On June 11th, Arlington voters will vote on two ballot questions. The first will secure the funding for the rebuild of Arlington High School. The second is a four-year operating override which ensures that our town and our schools can continue to provide us with the services that we rely on.
The town of Arlington leadership does an admirable job of planning ahead; Arlington hasn’t asked the voters for an operating override in eight years. Since the last operating override in 2011, the footprint of Arlington hasn’t changed. However, school enrollment has increased 20%. While there have been modest increases to the school budget to sustain the re-opening of the Gibbs School and some student enrollment increases, the overall school budget hasn’t kept pace with our school-age population. The School Committee and department have worked together to create a five-year plan outlining needs, including an estimated cost for every item. It is available on the Arlington Public Schools website. The plan acknowledges that in order to accommodate more students, the school budget additions for the last few years have gone toward staffing to enrollment as opposed to funding in several key areas. In order to pay for even a portion of this plan, an operating override is necessary.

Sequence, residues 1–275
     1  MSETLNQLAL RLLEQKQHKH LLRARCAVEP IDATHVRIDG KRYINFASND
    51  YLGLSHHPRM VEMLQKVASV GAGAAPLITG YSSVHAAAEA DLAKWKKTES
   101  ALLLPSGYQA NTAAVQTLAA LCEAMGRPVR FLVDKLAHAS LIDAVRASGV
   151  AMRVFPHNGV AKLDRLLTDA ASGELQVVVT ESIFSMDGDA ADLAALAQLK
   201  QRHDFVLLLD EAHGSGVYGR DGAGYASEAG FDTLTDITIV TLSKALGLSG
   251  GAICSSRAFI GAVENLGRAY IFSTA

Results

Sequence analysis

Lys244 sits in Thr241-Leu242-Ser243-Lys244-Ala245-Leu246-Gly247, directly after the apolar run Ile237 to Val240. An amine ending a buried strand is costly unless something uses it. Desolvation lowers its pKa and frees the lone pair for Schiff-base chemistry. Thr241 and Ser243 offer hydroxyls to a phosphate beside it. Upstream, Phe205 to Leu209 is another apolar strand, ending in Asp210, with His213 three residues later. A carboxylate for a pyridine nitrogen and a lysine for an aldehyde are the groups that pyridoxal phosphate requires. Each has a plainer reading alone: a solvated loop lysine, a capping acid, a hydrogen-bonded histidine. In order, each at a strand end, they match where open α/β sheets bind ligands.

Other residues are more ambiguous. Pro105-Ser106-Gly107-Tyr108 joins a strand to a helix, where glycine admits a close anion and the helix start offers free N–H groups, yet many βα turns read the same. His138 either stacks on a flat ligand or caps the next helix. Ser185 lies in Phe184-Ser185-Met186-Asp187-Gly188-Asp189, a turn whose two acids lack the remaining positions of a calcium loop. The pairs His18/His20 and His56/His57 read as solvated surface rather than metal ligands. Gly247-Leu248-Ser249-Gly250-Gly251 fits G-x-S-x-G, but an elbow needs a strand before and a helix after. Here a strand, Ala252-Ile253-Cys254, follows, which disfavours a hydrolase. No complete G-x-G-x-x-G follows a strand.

The operating override provides level funding for our town. The town budget has increased at a rate of 3.5% annually and it will continue to do so under this plan. Arlington can maintain the same levels of police officers, firefighters and other services that we rely on. The addition to the town-side budget is a one-time $250,000 increase for improvements to sidewalk infrastructure. On the school-side, in addition to being able to maintain the current budget increase rate (3.5% general ed, 7% special ed), the override provides for four increases over four years of $600,000, $600,000, $800,000 and $800,000. These increases will allow the schools to implement much but not all of the plan. Difficult choices will still need to be made but this funding will allow for some actual choices as opposed to simply staffing to cover enrollment.
Our three-generation family lives in Arlington. My husband and I have four children and my dad, a senior, also lives here. We are all voting yes to ensure that our town and our schools can continue to provide us with the services we depend on.
Jane Morgan is a member of the Arlington School Committee.